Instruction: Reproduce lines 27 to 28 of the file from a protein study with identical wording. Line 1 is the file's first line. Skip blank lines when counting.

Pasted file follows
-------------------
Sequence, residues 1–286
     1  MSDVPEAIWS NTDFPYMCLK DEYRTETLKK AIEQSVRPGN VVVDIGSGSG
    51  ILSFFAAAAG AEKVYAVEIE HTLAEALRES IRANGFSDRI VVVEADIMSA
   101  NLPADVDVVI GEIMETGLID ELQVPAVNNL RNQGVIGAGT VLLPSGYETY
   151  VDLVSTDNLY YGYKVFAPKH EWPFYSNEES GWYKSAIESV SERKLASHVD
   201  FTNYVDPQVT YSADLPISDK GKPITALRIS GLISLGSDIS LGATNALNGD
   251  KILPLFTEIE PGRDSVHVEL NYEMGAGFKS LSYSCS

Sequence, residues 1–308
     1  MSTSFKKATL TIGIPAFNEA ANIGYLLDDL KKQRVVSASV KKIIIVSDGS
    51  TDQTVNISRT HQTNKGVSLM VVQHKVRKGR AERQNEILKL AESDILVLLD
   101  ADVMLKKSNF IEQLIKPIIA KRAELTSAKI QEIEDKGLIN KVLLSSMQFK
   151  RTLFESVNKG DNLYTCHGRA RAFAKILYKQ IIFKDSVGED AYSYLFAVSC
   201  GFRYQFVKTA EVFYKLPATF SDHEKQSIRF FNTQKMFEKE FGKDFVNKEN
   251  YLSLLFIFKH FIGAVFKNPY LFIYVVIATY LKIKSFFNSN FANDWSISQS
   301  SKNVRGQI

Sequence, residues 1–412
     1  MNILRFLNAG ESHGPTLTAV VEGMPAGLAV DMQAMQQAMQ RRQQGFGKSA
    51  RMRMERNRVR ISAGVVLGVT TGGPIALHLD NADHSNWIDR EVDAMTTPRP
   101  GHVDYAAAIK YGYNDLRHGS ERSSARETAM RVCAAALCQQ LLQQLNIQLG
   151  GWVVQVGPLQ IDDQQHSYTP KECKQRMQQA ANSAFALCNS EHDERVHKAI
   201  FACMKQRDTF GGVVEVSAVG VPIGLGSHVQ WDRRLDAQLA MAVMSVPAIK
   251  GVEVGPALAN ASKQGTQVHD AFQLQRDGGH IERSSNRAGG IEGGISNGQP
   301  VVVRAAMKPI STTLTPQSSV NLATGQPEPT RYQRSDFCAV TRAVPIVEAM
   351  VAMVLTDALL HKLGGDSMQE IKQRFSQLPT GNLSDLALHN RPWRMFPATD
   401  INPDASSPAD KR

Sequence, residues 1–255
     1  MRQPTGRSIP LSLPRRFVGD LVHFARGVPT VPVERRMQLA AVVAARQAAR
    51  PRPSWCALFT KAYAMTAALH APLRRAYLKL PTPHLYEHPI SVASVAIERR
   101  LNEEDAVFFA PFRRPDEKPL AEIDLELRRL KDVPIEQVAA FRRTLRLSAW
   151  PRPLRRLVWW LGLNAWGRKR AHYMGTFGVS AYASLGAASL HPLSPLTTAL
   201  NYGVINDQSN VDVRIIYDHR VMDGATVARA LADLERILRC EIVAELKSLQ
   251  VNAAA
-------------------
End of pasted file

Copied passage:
     1  MRQPTGRSIP LSLPRRFVGD LVHFARGVPT VPVERRMQLA AVVAARQAAR
    51  PRPSWCALFT KAYAMTAALH APLRRAYLKL PTPHLYEHPI SVASVAIERR